Why it was amazing: This intergenerational experiment seemed as if it were created in a lab to appeal to the most guests at your Super Bowl party. Starting with a prerecorded sketch featuring Ben Stiller, Adam Sandler and Chris Rock, the set then traded off song by song between Aerosmith and NSYNC — the first of three Super Bowl appearances for Justin Timberlake. For the all-star finale of “Walk This Way,” both groups were joined onstage by Britney Spears, Mary J. Blige and St. Louis rapper Nelly, whom you might recognize from the last season of Dancing With the Stars.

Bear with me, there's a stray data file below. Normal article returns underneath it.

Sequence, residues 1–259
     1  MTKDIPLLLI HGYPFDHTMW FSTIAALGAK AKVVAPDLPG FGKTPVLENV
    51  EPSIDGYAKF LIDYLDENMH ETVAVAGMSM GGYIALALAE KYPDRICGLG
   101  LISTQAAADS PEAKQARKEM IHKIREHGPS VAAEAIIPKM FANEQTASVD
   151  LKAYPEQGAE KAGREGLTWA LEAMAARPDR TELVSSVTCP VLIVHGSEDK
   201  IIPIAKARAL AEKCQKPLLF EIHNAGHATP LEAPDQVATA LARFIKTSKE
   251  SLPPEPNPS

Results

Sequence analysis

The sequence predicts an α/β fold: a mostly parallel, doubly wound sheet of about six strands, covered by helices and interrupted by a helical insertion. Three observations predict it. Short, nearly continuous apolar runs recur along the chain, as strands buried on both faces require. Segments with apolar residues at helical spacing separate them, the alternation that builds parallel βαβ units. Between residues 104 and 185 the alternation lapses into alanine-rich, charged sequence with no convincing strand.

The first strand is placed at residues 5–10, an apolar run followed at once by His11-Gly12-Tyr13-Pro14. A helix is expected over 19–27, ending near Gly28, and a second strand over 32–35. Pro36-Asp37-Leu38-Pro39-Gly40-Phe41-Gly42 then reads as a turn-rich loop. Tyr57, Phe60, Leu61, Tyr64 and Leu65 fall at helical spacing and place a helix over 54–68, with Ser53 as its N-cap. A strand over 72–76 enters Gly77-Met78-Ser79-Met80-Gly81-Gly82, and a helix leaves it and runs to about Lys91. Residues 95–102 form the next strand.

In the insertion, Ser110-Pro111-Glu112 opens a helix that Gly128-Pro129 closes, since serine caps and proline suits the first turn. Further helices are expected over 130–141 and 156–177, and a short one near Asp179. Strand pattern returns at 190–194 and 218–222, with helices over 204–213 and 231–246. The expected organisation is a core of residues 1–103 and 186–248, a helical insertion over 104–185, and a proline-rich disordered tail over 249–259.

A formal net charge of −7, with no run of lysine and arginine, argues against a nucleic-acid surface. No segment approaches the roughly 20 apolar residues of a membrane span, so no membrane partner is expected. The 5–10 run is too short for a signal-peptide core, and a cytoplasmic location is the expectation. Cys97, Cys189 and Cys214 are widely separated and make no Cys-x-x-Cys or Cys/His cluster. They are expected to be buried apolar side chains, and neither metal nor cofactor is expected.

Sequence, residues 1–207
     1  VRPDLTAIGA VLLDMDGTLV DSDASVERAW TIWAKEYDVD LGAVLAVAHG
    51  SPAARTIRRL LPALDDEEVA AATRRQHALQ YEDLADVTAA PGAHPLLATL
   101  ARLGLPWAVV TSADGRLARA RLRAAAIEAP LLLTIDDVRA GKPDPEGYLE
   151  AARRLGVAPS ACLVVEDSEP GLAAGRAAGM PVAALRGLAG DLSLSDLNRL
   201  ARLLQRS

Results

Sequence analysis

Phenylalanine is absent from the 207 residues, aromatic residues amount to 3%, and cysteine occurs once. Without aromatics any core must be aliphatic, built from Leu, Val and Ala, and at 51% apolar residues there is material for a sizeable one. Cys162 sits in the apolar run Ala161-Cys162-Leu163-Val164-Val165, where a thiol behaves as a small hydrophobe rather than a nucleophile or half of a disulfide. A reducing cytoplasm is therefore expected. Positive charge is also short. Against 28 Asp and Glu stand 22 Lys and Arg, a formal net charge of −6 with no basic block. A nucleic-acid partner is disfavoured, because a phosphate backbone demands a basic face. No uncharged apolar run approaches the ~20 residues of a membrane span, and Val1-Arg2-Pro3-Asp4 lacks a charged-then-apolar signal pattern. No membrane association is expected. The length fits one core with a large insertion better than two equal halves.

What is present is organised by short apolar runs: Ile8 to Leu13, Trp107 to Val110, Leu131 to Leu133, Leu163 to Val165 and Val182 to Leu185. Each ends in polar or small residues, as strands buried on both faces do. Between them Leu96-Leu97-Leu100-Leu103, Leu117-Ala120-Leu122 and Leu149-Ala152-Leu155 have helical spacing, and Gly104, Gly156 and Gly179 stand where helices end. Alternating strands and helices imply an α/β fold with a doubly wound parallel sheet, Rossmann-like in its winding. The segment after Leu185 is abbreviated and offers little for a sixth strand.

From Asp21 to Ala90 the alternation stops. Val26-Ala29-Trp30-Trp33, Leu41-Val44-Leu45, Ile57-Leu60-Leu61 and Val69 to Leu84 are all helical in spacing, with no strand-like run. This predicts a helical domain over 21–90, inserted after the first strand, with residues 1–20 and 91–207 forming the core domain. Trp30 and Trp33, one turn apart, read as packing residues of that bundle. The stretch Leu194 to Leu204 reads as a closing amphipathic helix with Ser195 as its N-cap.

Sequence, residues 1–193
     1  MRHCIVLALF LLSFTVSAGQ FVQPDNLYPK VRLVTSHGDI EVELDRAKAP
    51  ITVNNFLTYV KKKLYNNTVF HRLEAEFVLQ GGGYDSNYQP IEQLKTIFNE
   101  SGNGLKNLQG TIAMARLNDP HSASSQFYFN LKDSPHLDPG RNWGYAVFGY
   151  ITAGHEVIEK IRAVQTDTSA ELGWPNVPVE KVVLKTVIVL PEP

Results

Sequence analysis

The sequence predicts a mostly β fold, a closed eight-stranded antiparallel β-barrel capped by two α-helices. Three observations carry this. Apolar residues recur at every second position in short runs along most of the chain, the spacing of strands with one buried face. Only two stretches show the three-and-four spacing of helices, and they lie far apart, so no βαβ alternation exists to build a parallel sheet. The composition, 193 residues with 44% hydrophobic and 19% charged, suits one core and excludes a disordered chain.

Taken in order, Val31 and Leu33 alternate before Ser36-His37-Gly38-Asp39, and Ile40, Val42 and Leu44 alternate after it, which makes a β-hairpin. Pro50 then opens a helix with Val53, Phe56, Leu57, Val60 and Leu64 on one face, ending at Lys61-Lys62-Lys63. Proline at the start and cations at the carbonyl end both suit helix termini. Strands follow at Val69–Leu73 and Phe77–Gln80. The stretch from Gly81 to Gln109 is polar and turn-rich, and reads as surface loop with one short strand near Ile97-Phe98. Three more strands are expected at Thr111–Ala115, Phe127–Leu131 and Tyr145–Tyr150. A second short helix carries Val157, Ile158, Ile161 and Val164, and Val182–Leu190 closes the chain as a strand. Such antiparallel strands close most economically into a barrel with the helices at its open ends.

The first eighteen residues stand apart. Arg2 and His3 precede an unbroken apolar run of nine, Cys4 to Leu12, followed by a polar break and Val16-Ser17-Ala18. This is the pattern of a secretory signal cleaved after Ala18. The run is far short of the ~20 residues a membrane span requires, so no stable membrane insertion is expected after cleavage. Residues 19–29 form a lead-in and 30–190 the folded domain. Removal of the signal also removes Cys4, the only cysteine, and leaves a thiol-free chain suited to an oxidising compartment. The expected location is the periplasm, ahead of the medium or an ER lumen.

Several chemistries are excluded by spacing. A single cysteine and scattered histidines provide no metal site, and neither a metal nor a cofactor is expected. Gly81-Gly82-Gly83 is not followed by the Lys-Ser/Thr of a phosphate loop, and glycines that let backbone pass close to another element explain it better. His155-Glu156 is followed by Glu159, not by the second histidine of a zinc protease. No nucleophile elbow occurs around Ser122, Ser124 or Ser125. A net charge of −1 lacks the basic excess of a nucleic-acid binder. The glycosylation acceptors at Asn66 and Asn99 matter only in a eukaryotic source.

Watch it here: Aerosmith and NSYNC at Super Bowl XXXV
#3: Beyoncé, featuring Destiny's Child (Super Bowl XLVII, 2013)
Why it was amazing: Just weeks after performing at Barack Obama's second inauguration, Beyoncé headlined the Super Bowl in a fierce performance that saw her reteaming with Destiny's Child bandmates Kelly Rowland and Michelle Williams — who memorably took to the stage by popping up through the floor like pieces of toast! After the electrifying performance, the Mercedes-Benz Superdome plunged into a 34-minute blackout, and the one-two punch really got people talking: At the time, Twitter reported that the performance and the power outage were the first and second most-tweeted-about moments in the social media platform's history.
Watch it here: Beyoncé at Super Bowl XLVII
#2: U2 (Super Bowl XXXVI, 2002)